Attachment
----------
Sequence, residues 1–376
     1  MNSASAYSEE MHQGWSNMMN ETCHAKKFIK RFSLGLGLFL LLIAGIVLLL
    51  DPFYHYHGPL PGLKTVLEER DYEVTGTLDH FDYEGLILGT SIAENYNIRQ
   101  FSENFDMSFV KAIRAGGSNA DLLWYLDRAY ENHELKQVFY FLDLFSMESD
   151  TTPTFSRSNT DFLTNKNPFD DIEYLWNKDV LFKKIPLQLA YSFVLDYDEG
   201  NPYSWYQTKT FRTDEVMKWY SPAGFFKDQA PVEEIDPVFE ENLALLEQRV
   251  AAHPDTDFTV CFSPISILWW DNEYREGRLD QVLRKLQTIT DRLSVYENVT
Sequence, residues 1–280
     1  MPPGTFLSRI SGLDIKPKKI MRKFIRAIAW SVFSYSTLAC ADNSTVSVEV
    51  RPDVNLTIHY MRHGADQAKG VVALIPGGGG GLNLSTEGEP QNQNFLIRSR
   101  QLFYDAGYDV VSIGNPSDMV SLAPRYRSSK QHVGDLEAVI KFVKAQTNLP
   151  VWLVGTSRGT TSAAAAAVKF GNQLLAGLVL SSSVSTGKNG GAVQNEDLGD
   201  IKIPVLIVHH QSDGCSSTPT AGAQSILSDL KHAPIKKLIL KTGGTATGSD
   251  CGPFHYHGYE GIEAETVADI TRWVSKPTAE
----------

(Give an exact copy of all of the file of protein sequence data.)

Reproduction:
Sequence, residues 1–376
     1  MNSASAYSEE MHQGWSNMMN ETCHAKKFIK RFSLGLGLFL LLIAGIVLLL
    51  DPFYHYHGPL PGLKTVLEER DYEVTGTLDH FDYEGLILGT SIAENYNIRQ
   101  FSENFDMSFV KAIRAGGSNA DLLWYLDRAY ENHELKQVFY FLDLFSMESD
   151  TTPTFSRSNT DFLTNKNPFD DIEYLWNKDV LFKKIPLQLA YSFVLDYDEG
   201  NPYSWYQTKT FRTDEVMKWY SPAGFFKDQA PVEEIDPVFE ENLALLEQRV
   251  AAHPDTDFTV CFSPISILWW DNEYREGRLD QVLRKLQTIT DRLSVYENVT
Sequence, residues 1–280
     1  MPPGTFLSRI SGLDIKPKKI MRKFIRAIAW SVFSYSTLAC ADNSTVSVEV
    51  RPDVNLTIHY MRHGADQAKG VVALIPGGGG GLNLSTEGEP QNQNFLIRSR
   101  QLFYDAGYDV VSIGNPSDMV SLAPRYRSSK QHVGDLEAVI KFVKAQTNLP
   151  VWLVGTSRGT TSAAAAAVKF GNQLLAGLVL SSSVSTGKNG GAVQNEDLGD
   201  IKIPVLIVHH QSDGCSSTPT AGAQSILSDL KHAPIKKLIL KTGGTATGSD
   251  CGPFHYHGYE GIEAETVADI TRWVSKPTAE